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#753: Hard Drive REP Ends, Hidden Customization, Keeping Up with the Jobs'

 
     
 

Happy Tuesday,

This week it’s Ben writing for Matt while he’s away. Burlington got hit with back-to-back snowstorms this past week, which rivaled those of February ’07. While the snow put a damper on driving, it didn’t stop residents of the Queen City from making the most of it. Cross country skiers slid along sidewalks, and more ambitious snowboarders attempted to carve turns down Maple Street. A few spontaneous block-wide snowball fights even started up among total strangers. Personally, I worked into the early hours of Sunday morning building a 12-person igloo with several friends. To celebrate its completion, we ordered a pizza to it—the delivery guy was quite confused. Even though the igloo didn’t make it through the rest of the night intact, it was still a fun trip to my snow-fort-building childhood.

Here at Small Dog, we’re accustomed to the harsh winter weather and frequent storms that come as part of living in VT. If you ever have Mac or iOS device questions but the roads give you grief, slap on a pair of skis or snowshoes and trek over to one of our three retail locations. We’ll be glad to help you out.

Thanks for reading this issue of Tech Tails.

Ben
benb@smalldog.com

 
   
     
  MacBook Hard Drive REP Ends  
   
 

Over the years we’ve written a lot about Apple’s repair extension programs. When a particular part failure becomes statistically relevant, Apple will own up to that failure and cover the cost of repair or replacement of that part, generally for three years from the computer’s purchase date regardless of warranty status. It became clear some time ago that a specific set of first-generation style MacBooks (non-unibody) had abnormally high hard drive failure rates. Apple responded by covering the hard drives in these MacBooks.

That repair extension program expired last week. We did so many of these repairs that it seems any qualifying machine has likely been repaired already, so it’s not much of a loss to see the program expire. Apple has five active programs at the moment, and you can read about them here.

The iBook and PowerBook G4 battery program will likely remain in effect indefinitely, as there was a true safety risk with those batteries and there are still plenty of those older machines in active use. There’s also a program to cover specific graphics card issues in some MacBook Pros.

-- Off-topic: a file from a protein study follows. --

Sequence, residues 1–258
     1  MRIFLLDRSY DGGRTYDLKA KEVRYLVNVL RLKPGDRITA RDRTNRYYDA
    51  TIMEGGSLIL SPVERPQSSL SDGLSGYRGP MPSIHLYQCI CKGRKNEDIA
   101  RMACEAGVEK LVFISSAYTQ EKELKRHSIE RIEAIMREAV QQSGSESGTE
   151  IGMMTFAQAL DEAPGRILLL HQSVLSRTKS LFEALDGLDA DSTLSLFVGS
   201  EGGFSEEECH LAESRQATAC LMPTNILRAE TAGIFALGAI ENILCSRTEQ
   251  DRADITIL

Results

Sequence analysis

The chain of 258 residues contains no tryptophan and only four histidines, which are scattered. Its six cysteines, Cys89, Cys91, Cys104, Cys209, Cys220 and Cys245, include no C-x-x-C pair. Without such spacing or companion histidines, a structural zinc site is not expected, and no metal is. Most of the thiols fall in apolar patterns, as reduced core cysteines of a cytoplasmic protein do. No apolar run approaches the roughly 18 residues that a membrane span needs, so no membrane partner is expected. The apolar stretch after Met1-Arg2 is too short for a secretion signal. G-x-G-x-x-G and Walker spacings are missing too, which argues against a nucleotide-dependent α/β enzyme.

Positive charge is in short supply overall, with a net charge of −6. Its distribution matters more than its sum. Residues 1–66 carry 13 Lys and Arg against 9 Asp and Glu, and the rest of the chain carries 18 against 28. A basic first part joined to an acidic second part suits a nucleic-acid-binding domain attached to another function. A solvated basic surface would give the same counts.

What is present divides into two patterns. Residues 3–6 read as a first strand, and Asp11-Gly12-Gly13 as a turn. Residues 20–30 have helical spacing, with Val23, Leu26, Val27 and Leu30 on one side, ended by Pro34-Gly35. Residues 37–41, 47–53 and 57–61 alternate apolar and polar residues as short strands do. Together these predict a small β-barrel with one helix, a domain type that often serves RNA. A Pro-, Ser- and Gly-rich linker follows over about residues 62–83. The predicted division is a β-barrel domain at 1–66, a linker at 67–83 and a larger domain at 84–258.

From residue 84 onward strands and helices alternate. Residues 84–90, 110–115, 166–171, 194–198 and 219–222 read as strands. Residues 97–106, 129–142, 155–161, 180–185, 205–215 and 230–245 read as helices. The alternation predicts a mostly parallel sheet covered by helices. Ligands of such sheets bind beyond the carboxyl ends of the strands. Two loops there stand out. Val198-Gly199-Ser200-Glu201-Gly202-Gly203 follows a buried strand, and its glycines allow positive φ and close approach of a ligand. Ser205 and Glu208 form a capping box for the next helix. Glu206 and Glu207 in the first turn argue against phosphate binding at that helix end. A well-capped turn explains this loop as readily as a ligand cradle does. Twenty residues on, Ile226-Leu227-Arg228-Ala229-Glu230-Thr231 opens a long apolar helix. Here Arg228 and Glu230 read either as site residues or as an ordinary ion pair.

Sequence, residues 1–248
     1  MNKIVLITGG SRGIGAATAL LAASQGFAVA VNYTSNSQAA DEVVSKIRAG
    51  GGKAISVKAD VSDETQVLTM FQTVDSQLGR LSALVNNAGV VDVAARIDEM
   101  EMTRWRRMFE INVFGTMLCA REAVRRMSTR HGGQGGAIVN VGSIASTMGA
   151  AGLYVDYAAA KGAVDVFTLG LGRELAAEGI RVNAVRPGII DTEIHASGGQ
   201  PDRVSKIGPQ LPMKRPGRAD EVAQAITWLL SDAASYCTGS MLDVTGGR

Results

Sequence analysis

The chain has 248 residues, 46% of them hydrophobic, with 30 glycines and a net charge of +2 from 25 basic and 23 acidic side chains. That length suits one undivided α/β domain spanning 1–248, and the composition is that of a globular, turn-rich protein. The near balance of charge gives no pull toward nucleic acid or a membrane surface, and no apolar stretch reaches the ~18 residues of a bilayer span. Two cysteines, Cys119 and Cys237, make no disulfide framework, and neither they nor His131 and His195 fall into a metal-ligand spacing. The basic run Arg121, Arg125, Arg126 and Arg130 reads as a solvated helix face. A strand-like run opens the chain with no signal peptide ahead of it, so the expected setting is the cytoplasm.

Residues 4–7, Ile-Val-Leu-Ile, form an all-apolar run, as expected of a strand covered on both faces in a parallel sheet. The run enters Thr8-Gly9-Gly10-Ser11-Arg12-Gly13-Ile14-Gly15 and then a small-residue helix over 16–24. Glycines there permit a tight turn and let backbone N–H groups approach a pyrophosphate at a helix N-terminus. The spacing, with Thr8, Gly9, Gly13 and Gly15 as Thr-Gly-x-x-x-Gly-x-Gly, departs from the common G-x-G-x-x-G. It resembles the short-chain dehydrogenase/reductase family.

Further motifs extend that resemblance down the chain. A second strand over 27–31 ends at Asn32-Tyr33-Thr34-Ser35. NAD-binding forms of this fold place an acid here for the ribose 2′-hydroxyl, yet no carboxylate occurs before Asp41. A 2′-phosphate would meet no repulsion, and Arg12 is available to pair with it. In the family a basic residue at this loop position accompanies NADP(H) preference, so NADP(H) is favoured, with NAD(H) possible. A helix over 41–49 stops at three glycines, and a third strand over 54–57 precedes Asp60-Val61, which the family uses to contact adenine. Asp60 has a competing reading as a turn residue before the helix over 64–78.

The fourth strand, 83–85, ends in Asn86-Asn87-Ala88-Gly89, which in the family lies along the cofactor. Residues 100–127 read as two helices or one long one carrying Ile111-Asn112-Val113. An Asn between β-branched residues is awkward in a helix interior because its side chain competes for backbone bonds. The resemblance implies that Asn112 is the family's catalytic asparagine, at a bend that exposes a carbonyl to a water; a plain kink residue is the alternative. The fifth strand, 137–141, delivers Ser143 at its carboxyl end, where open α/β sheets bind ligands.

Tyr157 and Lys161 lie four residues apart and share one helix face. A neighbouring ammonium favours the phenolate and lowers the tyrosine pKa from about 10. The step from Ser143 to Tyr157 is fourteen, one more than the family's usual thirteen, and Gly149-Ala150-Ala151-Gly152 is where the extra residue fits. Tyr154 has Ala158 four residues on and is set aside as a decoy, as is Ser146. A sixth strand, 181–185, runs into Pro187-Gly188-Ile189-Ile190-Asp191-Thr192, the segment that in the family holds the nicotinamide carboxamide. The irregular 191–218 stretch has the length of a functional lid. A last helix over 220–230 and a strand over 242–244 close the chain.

On the accessories side, the very first run of ultracompact USB power adapters can be exchanged for a revised model. You can tell if your adapter qualifies if it does NOT have a chartreuse dot near the prongs and submit your exchange request here. Finally, some Apple headphones (the kind with the remote right on the wire) can be replaced if the volume changes unexpectedly, controls stop working intermittently, or voice feedback randomly turns on.

It should be noted that many customers believe these programs to be recalls. They are not. The vast majority of products that qualify for these programs do not show symptoms.

 
   
     
  From the Archives: Hidden Customization  
   
 

There are myriad customization options in Mac OS X—some are in plain sight in System Preferences and elsewhere, while others involve manual editing of plist (property list) files or tricking the system into thinking one file is actually another. One of the most powerful interface tweaks you can make is to the menu bar, and while you can enable menu bar extras through System Preferences and elsewhere, doing so can take some sleuthing.

Mac OS X is built for multiple users. As such, each user has a home folder with that user’s preferences and settings. But there are common resources shared by all users, and these resources are for the most part located in the System and Library folders at the root level of your hard drive. Before I go further, I should note the importance of taking care when modifying anything in either of these folders. One misstep can lead to a completely nonfunctional computer!